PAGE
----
In accordance with one embodiment, the coating of the slipsheet may also include other optional components that are typically employed in coating compositions. For example, the coating composition of the present invention can include any of the following components or any combinations thereof: a water repellent material, an anti-fungal material, an anti-bacterial material, a surface friction agent, an algaecide, colored pigments, dispersants such as potassium triphosphosphate, acrylic polymers or copolymers, and the like, defoamers that are capable of preventing foaming, solvents that are capable of serving as a coalescing agent such as ethylene glycol, propylene glycol, alcohols, and the like, microbiocides that serve as fungicides, e.g., zinc oxide, thickening agents such as hydroxethyl cellulose, polyurethane, and the like, pH modifiers such as aqueous ammonia and hydrated lime, wetting agents such as arylalkylpolyethylene oxides, light stabilizers such as hindered amines; and adhesion promoters such as hydrocarbon resins. The optional components mentioned above are present in the coating of the slipsheet in accordance with the present invention in amounts that are well known to those skilled in the art.

In accordance with another aspect of the invention, the coating is coated on at least one of the first and second sides of the fiber mat. Alternatively or additionally, the coating can be coated on both of the first and second sides of the fiber mat or within the fiber mat. The fiber mat may be coated by spraying, dip coating, knife coating, roll coating, blade coating or by printing, such as rotary screen printing. The coating may be bonded to the fiber mat by chemical bonding, mechanical bonding and/or thermal bonding. Mechanical bonding is achieved by feeding a puddle of the coating onto the fiber mat with a knife and forcing penetration into the mat with a knife.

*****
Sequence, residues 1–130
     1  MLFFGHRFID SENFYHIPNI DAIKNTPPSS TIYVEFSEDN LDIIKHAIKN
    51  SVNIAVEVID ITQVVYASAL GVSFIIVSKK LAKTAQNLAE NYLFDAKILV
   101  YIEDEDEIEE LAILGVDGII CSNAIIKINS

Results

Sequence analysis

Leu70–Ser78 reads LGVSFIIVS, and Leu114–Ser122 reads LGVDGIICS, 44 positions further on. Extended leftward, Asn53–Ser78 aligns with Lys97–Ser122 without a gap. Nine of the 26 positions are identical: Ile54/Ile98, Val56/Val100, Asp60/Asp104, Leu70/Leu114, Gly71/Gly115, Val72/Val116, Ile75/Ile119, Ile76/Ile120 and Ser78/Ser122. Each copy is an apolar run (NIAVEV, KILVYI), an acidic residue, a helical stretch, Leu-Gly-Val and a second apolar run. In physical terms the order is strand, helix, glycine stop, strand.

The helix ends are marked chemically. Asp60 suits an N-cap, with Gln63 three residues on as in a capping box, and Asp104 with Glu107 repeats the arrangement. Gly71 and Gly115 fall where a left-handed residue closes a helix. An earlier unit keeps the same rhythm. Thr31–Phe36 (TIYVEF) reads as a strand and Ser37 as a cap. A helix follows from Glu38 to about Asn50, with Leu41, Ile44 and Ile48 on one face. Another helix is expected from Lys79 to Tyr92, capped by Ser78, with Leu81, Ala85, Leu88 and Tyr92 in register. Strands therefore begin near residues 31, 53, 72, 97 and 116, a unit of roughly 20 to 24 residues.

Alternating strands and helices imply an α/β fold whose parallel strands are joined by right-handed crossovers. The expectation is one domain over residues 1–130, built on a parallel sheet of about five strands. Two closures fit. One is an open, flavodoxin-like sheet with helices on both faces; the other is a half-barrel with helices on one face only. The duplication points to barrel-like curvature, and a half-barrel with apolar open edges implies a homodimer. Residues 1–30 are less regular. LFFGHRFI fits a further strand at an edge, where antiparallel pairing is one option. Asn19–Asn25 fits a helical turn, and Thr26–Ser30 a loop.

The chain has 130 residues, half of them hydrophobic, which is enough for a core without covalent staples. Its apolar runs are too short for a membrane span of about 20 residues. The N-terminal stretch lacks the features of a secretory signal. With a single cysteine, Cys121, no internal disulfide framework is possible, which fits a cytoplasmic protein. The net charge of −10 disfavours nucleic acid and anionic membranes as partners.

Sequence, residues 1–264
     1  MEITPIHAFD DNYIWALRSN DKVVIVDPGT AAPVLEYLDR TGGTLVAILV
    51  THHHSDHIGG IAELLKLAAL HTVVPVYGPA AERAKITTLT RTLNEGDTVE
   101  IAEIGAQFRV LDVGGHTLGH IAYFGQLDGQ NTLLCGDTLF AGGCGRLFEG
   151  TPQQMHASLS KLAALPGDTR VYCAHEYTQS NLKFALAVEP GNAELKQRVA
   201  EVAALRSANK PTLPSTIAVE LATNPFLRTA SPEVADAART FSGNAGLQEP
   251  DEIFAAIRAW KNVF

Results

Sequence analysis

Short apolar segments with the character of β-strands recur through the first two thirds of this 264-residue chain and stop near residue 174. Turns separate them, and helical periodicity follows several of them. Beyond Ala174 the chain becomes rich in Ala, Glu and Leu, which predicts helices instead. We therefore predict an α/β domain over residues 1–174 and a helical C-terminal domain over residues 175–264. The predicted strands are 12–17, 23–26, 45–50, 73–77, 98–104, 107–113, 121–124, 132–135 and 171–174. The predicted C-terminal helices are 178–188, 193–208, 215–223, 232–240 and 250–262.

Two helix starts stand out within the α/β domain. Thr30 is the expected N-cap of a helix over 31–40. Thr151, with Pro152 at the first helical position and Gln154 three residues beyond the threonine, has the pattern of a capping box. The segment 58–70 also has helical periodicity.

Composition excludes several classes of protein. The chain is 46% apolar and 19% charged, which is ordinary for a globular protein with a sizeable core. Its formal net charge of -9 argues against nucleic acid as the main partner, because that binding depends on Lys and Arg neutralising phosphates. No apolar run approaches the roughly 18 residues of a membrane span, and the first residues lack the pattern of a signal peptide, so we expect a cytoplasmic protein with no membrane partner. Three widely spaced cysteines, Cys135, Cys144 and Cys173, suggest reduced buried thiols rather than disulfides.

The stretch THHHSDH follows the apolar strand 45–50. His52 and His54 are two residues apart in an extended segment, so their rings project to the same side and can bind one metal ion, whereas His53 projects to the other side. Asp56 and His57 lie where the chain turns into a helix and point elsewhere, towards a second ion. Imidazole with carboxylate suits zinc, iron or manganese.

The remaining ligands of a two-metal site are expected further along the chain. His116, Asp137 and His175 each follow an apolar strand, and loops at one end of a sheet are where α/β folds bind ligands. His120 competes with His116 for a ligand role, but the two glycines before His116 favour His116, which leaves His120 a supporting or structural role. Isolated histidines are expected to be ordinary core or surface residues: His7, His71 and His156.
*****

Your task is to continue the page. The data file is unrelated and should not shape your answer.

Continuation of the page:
In accordance with another aspect of the invention, there are primarily two types of roofing installations: low slope and steep slope. Low slope commonly describes a roof having an incline of 14° (25% or 3 in/ft) or less. Steep slope commonly describes a roof having an incline of 14° (25% or 3 in/ft) or more. It is intended that the slipsheet herein can be used on both types of roof installations. A single layer of the slipsheet in accordance with the invention achieves a Class A rating for both steep slope and low slope roofing systems when tested according to UL 790 and/or ASTM E-108 Standard Test Methods for Fire Tests of Roof Coverings.

In accordance with another aspect of the invention, a fire resistant roofing system is provided. The fire resistant roofing system includes a deck, a substantially single layer of slipsheet material covering substantially the entirety of the deck, and a roof covering covering substantially the entirety of the slipsheet. The slipsheet includes a fiber mat having first and second sides and a coating containing expandable graphite, a filler, and a binder. The coating is coated on at least one of the first and second sides of the fiber mat, and the roofing system achieves a Class A rating when tested according to UL 790 and/or ASTM E-108 Standard Test Methods for Fire Tests of Roof Coverings.